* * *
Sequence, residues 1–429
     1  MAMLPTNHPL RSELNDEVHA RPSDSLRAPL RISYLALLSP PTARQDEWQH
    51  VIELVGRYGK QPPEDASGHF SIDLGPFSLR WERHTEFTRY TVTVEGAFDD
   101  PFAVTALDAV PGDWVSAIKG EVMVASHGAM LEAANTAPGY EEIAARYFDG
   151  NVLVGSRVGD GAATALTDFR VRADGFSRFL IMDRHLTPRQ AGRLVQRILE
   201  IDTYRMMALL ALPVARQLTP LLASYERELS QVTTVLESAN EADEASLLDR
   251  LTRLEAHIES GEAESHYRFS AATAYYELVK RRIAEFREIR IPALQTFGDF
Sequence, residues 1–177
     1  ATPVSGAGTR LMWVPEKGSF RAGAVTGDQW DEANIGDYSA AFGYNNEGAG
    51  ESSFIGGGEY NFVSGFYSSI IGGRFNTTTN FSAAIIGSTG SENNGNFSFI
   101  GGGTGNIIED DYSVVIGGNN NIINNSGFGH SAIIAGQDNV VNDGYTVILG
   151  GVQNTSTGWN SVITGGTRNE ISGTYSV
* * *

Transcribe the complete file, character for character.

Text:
Sequence, residues 1–429
     1  MAMLPTNHPL RSELNDEVHA RPSDSLRAPL RISYLALLSP PTARQDEWQH
    51  VIELVGRYGK QPPEDASGHF SIDLGPFSLR WERHTEFTRY TVTVEGAFDD
   101  PFAVTALDAV PGDWVSAIKG EVMVASHGAM LEAANTAPGY EEIAARYFDG
   151  NVLVGSRVGD GAATALTDFR VRADGFSRFL IMDRHLTPRQ AGRLVQRILE
   201  IDTYRMMALL ALPVARQLTP LLASYERELS QVTTVLESAN EADEASLLDR
   251  LTRLEAHIES GEAESHYRFS AATAYYELVK RRIAEFREIR IPALQTFGDF
Sequence, residues 1–177
     1  ATPVSGAGTR LMWVPEKGSF RAGAVTGDQW DEANIGDYSA AFGYNNEGAG
    51  ESSFIGGGEY NFVSGFYSSI IGGRFNTTTN FSAAIIGSTG SENNGNFSFI
   101  GGGTGNIIED DYSVVIGGNN NIINNSGFGH SAIIAGQDNV VNDGYTVILG
   151  GVQNTSTGWN SVITGGTRNE ISGTYSV